KEIR RADNEDGE REPORTS: Princess Haya of Jordan has led the critical chorus of disapproval of the sacking by FIFA of ethics bosses Hans-Joachim Eckert and Cornel Borbely.

The governing council of the world football federation approved the move on Tuesday when, at the behest of president Gianni Infantino, it nominated a new slate of judicial panel members for approval by congress.

Last year’s congress granted such powers to Infantino and his expanded council by removing the hitherto guaranteed independence of the judicial committees.

Swiss businessman Domenico Scala resigned as audit chairman in protest but Eckert and Borbely, German ethics judge and Swiss head investigator, decided to work on. Now they have gone too.

Princess Princess Haya Bint Al Hussein, a progressive former president of the international equestrian federation, lent her voice to criticism that FIFA’s own reforms have been thrown into reverse.

She said: “The dismissal of Cornel Borbely and Hans-Joachim Eckert is a truly shameful act that removes the last possible shred of credibility from FIFA.

“To cut short their work, which was to expose the long-standing, deep rooted corruption makes a mockery of any claims of integrity from FIFA’s new leadership.”

Princess Haya’s brother, Prince Ali bin Al Hussein, stood unsuccessfully for the presidency in both 2015 and 2016.

She added: “FIFA is once again showing itself to be the same organisation as it has always been; corrupt, opaque, unwilling to change and failing the people it was set up to represent.

Public opinion

“Eckert’s and Borbély’s departure is the latest in a long-line of indications that the current leadership is deaf to public opinion, making no effort to improve, not fit to lead and should stand down.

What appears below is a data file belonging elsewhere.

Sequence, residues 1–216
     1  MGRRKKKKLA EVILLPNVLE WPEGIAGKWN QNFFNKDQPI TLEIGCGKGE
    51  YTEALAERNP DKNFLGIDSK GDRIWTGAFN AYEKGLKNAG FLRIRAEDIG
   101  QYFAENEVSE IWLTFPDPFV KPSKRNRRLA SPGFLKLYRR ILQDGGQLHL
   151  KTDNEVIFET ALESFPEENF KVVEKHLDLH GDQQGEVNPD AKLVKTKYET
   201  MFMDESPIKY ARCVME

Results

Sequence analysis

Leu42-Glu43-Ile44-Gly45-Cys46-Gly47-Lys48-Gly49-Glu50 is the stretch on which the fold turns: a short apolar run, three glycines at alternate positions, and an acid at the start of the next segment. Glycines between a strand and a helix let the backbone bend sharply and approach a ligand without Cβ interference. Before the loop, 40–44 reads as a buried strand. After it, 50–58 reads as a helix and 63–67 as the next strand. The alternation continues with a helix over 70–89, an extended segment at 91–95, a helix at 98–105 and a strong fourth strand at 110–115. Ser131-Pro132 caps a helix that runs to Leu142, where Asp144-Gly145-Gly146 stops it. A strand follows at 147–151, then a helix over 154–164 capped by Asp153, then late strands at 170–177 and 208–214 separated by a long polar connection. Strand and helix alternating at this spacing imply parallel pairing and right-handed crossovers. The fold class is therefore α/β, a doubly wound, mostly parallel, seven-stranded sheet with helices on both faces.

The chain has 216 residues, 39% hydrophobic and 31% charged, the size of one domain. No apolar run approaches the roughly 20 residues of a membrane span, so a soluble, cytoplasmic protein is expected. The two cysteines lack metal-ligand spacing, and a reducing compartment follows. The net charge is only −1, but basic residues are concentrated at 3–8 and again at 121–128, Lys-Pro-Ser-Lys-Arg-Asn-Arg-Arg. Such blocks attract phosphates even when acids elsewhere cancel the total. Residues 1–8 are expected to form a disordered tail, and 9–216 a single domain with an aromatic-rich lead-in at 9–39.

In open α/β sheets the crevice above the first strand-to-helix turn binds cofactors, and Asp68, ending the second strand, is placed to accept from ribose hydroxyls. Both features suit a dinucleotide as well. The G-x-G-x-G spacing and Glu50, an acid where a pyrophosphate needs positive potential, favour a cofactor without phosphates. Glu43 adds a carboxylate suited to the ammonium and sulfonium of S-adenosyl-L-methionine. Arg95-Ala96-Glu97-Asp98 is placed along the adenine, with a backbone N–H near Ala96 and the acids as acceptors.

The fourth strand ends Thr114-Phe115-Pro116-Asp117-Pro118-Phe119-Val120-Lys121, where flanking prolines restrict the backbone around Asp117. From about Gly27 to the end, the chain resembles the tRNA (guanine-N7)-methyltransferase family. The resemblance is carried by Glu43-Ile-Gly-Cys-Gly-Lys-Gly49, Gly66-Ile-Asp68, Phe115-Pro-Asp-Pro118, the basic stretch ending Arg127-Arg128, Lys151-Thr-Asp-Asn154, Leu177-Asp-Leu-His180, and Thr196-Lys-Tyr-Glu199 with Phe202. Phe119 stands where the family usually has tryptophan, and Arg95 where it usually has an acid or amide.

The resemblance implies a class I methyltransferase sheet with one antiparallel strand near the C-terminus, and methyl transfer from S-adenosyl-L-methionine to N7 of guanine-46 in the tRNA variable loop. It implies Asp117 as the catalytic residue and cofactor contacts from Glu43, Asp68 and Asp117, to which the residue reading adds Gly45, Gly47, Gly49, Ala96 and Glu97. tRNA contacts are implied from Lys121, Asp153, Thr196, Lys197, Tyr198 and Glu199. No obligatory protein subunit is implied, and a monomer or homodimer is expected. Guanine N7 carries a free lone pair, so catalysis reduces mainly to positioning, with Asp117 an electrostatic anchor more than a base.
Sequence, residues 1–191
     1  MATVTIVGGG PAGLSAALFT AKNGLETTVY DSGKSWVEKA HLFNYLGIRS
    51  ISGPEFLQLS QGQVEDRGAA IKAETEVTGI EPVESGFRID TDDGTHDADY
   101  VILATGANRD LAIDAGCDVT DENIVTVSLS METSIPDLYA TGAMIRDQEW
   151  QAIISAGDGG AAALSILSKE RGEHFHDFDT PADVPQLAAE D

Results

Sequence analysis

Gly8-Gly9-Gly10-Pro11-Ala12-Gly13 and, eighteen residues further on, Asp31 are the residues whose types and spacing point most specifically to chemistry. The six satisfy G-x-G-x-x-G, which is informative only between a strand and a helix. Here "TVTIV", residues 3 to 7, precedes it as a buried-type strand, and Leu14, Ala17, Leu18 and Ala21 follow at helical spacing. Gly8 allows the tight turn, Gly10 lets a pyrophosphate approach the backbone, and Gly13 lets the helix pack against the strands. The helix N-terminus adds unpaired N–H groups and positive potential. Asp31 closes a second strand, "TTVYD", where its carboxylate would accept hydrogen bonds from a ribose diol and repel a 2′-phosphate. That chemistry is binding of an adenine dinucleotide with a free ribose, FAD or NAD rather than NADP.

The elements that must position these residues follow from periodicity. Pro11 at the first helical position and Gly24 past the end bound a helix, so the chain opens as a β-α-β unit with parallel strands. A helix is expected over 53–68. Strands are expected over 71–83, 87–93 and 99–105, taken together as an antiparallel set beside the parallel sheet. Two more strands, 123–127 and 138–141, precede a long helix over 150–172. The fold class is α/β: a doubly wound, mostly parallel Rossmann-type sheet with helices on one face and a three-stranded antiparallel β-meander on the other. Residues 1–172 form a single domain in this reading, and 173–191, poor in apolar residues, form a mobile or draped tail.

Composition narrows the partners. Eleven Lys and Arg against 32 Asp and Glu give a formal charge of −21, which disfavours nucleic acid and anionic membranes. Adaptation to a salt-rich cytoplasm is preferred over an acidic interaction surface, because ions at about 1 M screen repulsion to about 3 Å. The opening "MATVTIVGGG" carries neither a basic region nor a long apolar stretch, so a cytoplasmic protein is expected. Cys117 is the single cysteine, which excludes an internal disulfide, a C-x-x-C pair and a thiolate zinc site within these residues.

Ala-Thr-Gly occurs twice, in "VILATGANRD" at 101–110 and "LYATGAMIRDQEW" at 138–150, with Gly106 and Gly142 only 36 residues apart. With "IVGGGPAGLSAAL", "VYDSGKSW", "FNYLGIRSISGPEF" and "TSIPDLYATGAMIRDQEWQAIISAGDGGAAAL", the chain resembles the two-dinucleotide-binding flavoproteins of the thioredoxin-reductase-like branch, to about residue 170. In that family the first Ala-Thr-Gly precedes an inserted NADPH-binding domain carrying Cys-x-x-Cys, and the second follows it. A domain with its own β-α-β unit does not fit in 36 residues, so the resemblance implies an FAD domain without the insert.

“Turning a blind eye to corruption in football sends entirely the wrong message to the world of sport.”

The Eckert’s original ethics partnership with United States attorney Michael Garcia proved dysfunctional because of the legal culture chasm between the two men.

However the partnership between Eckert and Borbely has worked far moe effectively. They share the same German language and Eckert, from Bavaria, was only ever a few hours’ distance from Borbely in Zurich.

The proposed new partnership between Colombian lawyer Maria Claudia Rojas the Greek former European Court of Justice president Vassilios Skouris

appears designed to make cooperation as awkward as possible.

Not only do they not share a common first language but Rojas is based not only on the opposite side of the Atlantic but the far side of South America.

The negative reaction to the move jolted a statement of self-defence from FIFA:

It said: “The proposed list of candidates for the Audit and Compliance Committee, the Governance Committee and the judicial bodies was agreed to following a thorough consultation process involving FIFA and the six confederations.

“The decision on the final list of candidates was then agreed to unanimously by the FIFA Council.

“These individuals have been chosen because they are recognised, high-profile experts in their respective fields. Moreover, they better reflect the geographic and gender diversity that must be a part of an international organisation like FIFA.”

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